Prior to analysis of the quantitative date, all variables will be assessed for accuracy of input, plausibility of means and standard deviations and out-of-range and missing values. The quantitative data will be analysed using Statistical Package for the Social Sciences (SPSS). Descriptive statistics (frequencies, means and medians) will be used to summarise the baseline and follow-up data including demographics, NCCN DT, PHQ-4, QUAL-EC and QUAL-E (Family) measures and quantitative questions on the feedback questionnaires. Differences on these variables [NCCN DT, PHQ-4, QUAL-EC and QUAL-E (Family)] between the intervention group and control group will be assessed using univariate, parametric or non-parametric statistics depending if these outcomes are normally or non-normally distributed.
All qualitative data will be reviewed prior to the commencement of analysis. Patient interviews will be recorded and transcribed verbatim. Data analysis will be conducted using theoretical and procedural direction from grounded theory research utilising the constant comparative method . The transcripts will be uploaded into the software program QSR NVivo. Open, axial, and selective coding will be used to analyse the data . Iterative data analysis will commence after the first interview with all investigators participating using the selected interview transcripts and additional excerpts to identify and agree upon emergent themes. The open-ended responses from the family feedback questionnaires will be analysed using the constant-comparative method. The clinician focus groups will be recorded, transcribed verbatim, and analysed using the constant comparative method. Sufficient numbers of clinicians will participate in focus groups to ensure that data saturation is achieved.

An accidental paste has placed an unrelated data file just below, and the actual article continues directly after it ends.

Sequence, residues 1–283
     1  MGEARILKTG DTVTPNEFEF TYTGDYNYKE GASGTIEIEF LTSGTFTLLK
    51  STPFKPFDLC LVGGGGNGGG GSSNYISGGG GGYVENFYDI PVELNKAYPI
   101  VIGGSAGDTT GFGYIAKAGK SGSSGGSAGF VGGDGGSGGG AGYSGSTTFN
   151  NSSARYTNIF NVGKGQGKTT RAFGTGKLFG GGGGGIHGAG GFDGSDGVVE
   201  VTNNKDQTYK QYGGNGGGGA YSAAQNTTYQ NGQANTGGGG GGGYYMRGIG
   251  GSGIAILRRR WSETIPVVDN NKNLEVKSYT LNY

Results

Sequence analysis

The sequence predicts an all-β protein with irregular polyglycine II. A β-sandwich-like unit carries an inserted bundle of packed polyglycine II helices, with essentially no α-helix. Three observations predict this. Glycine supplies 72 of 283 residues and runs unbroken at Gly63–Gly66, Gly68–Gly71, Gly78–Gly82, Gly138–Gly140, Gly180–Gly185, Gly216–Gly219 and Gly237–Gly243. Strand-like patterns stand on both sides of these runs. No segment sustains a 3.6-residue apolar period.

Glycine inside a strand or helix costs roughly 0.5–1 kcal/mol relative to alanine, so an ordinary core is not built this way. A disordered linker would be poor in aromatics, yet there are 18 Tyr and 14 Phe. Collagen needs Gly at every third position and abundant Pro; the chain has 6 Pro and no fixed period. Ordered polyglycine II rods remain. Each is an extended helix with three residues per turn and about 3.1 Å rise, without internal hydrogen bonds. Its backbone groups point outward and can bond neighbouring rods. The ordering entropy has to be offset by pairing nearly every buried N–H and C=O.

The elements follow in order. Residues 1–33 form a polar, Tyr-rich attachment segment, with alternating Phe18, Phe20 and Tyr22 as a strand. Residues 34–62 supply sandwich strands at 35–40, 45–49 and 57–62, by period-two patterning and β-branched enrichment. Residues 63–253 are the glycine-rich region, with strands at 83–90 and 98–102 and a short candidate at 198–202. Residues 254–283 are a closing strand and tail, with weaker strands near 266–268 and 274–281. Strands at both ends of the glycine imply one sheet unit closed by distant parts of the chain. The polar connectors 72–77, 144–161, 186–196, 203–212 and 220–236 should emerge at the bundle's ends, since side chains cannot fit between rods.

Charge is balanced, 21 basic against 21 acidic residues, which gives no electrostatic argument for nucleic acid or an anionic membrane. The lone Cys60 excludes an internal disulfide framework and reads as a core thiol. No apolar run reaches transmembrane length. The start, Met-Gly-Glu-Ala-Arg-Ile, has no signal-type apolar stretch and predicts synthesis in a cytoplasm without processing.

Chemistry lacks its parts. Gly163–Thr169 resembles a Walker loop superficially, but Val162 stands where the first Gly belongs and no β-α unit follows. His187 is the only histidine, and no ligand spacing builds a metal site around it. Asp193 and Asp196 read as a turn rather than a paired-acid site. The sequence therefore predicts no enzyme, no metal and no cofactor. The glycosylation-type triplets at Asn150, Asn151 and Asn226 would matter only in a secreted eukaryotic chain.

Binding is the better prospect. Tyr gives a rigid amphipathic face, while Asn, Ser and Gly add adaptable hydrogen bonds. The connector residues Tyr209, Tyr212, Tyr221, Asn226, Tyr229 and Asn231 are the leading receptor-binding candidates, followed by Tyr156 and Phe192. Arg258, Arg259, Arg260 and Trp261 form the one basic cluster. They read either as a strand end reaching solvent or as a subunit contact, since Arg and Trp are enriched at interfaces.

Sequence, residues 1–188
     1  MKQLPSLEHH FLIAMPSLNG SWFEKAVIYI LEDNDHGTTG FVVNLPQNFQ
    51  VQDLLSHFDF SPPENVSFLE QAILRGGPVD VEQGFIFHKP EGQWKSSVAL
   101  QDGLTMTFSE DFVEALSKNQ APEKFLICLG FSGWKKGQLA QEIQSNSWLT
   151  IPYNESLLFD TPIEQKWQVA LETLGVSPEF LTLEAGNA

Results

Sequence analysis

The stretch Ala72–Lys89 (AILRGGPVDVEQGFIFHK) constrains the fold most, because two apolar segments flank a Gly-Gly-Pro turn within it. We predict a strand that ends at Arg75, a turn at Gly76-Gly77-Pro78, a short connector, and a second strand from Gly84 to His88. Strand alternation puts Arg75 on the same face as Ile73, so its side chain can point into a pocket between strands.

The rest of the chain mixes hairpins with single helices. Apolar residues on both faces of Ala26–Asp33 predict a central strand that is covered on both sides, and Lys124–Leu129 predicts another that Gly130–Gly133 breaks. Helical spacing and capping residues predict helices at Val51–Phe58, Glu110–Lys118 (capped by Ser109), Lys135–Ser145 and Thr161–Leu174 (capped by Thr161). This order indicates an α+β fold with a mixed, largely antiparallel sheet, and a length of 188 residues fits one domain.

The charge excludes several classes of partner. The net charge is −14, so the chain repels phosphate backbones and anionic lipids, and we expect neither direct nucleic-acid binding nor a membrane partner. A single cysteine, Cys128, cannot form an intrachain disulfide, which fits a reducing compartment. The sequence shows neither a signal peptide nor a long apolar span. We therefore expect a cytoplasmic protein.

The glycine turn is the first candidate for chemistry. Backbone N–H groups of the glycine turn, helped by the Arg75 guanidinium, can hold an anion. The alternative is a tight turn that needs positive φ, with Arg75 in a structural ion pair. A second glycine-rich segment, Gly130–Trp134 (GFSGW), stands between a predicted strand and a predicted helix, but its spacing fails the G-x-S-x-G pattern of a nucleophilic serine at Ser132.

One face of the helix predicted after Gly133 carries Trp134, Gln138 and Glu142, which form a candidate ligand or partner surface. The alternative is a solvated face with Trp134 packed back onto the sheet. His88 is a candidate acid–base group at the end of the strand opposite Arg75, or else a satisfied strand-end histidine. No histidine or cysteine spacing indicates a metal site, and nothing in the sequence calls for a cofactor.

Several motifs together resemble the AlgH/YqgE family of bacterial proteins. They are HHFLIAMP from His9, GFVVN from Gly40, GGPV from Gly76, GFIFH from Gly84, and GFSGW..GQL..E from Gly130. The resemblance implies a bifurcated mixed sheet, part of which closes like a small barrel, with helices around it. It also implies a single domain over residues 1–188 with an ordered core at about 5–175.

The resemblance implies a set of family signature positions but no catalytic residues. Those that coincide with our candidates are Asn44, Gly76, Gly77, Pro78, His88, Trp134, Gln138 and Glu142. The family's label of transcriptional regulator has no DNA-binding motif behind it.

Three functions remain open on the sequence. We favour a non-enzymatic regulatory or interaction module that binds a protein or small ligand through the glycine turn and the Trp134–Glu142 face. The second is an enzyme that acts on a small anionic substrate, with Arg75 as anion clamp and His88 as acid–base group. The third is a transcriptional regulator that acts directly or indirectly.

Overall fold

Additional analysis of the percentage of dyads recruited, family meeting observations and feedback from patients, families and clinicians will provide information about the feasibility of the meetings. The percentage of completed questionnaires, patient and family feedback, preferences and issues about the measures will provide information about their feasibility and suitability from the patient and family perspective.
A data monitoring committee will not be convened as qualitative data will be reviewed and analysed iteratively and involve all the investigators.
The Participant Information Statement and Consent Form for patients and families will indicate that there is small risk that completing the questionnaires and interviews may cause these participants to reflect on their life and situation and become distressed. The form also notes that sharing information about end-of-life issues between patients and family members and hearing of their concerns may also be distressing. The patients and family will be advised that if they become upset or distressed as a result of participation in the VOICE Study, the researcher will inform the treating doctor and the clinical team. In the case of the patient, the clinical team will arrange for counselling or other appropriate support. For family members, the clinical team will provide information about support options available if that is their wish.
The researcher or clinical trials nurses will obtain informed consent from all participants in the VOICE Study. All participants will be provided with the relevant Participant Information Statement and Consent Form, according to whether are participating at the intervention or control site and will be required to read and understand the contents of this document and provide their consent via a signature before they are enrolled in the study.